You did well in CARS which is usually the section many ppl find hard to bring up. So that's good! You should brush up on P/S since you could probably do much better in that section and it should be one of the easiest sections to improve on. Then do abbreviated content review for the Science sections. Make sure to start taking some more practice exams a few weeks out. Good luck!
I am in Missouri, and have no preference between MD and DO. And thank you, I appreciate the advice! 😃
 
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What's your target score? If you got a 502 without doing any prep, then a reasonable expectation in about 6 weeks would be around a 510, provided you put in the work.
 

KnightDoc

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I agree that it is far too much work to accomplish between now and my test date to perform my best. I am hoping that the score I get, one somewhere between a 502 and the best score I am capable of, will be enough. Given that I had done almost zero studying prior to the FL1, I am thinking I could increase the score significantly prior to test date even though it is so close.
Regardless of what I hope or how little time I have, I need to work with what I got. Would it be best to put far more emphasis on the areas I was especially weak, such as B/B? Or would it be better to cover as many topics as I can, though less thoroughly?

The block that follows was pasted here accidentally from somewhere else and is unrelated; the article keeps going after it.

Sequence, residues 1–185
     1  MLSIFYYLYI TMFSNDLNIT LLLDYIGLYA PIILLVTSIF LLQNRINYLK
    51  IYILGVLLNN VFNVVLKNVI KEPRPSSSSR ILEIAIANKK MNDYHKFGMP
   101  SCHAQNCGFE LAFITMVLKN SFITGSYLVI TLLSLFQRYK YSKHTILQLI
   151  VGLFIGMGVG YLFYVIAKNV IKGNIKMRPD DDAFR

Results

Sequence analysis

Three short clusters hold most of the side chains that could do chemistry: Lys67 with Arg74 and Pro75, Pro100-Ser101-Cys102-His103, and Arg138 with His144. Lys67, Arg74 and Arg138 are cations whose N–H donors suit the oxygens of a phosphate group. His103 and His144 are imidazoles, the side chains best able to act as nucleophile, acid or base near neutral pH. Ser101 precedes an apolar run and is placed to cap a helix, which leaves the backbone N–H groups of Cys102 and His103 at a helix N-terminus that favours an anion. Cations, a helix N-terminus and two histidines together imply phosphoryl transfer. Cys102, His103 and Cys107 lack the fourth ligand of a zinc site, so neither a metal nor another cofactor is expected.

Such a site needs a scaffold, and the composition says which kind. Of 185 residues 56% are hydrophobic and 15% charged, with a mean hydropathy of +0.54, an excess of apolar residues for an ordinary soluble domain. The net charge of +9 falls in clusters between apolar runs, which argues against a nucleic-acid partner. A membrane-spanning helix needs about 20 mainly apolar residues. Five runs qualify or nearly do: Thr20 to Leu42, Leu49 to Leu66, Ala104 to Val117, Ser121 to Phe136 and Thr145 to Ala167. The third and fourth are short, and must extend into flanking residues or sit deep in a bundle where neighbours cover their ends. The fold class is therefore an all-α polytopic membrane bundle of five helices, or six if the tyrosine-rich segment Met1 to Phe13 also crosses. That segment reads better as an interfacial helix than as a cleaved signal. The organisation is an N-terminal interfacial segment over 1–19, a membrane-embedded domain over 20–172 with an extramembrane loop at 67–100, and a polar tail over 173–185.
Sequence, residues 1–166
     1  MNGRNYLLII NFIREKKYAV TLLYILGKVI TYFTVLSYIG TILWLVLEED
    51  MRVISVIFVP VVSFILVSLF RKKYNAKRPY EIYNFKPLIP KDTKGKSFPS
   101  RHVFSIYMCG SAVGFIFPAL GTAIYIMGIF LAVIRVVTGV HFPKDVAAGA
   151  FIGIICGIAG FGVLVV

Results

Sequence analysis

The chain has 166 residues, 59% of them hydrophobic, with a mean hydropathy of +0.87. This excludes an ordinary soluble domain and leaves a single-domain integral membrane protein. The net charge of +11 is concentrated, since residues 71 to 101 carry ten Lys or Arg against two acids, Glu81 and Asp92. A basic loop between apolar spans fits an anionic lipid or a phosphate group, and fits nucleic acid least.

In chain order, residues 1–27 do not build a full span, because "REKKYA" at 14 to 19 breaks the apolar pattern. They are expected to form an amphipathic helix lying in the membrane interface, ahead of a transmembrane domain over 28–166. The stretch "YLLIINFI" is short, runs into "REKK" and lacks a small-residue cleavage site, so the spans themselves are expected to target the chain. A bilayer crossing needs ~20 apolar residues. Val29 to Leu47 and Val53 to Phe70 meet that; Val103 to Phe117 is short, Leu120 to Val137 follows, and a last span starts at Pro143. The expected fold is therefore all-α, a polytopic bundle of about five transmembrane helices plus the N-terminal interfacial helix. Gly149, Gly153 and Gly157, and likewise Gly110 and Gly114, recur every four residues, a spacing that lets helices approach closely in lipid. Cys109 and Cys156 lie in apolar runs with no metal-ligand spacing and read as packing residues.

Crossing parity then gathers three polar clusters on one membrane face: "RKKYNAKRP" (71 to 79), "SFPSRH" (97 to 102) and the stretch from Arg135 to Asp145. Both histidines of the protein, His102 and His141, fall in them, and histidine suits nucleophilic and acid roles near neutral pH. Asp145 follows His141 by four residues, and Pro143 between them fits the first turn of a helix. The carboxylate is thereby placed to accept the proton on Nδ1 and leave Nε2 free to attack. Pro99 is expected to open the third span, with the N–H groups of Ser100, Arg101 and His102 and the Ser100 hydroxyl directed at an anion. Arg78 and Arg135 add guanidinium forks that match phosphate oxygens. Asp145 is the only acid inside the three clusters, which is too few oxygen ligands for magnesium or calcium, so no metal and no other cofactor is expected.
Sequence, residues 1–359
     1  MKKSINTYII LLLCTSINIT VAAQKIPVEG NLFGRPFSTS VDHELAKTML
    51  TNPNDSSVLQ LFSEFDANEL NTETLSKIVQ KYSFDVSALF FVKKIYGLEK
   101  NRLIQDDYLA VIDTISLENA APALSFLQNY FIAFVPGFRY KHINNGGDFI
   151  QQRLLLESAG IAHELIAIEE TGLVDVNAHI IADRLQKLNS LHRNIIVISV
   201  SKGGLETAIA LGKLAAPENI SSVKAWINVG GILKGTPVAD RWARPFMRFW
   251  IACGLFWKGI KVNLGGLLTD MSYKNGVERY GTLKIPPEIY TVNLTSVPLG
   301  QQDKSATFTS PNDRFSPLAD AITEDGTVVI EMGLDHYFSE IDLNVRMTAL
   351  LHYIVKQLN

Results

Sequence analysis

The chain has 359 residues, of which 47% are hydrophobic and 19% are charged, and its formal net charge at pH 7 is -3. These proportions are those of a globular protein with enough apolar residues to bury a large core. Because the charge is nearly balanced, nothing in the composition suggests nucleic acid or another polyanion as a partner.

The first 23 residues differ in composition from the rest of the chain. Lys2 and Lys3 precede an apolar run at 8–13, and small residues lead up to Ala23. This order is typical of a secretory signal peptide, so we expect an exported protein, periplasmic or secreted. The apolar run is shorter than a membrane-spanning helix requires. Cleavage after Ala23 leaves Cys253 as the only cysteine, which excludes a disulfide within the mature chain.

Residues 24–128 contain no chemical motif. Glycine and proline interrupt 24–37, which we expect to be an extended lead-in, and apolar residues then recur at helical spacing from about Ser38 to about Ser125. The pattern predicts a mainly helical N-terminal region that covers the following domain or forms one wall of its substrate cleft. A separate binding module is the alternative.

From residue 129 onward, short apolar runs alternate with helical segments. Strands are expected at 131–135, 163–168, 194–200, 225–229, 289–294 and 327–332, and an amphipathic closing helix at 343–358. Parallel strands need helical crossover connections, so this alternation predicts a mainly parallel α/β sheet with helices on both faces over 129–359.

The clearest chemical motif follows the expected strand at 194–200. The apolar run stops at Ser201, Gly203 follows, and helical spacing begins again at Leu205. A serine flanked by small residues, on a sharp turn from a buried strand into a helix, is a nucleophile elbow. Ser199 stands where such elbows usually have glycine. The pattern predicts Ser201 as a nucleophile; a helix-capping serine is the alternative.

This is against the advice that we on SDN bounce around our echo chamber.

The MCAT is the highest stake exam you will have taken to date, exceeded only by the exams you will take in med school that will determine licensing and your future specialty. Accordingly, the best advice is to conform your test date to when you are prepared to do your best, NOT to when is convenient to fit into whatever time frame you prefer. The latter is a recipe for failure and misery.

Maybe you'll get lucky and hit the score you need to get into a school. Otherwise, you will have wasted a ton of time, effort and money as you begin a cycle of retakes and reapplications. Spend some time reading the forums and see some of the stories from people who regret taking the test before they were ready, or applying before they were ready, and then lamenting the disadvantages multiple test takers and reapplicants are subject to in what is an insanely competitive process.

Your starting point isn't terrible, but you are at a huge disadvantage as compared to current students, and you are then handicapping yourself further by only giving yourself between 1/2 and 2/3 the prep time most people have. Good luck.
 
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This is against the advice that we on SDN bounce around our echo chamber.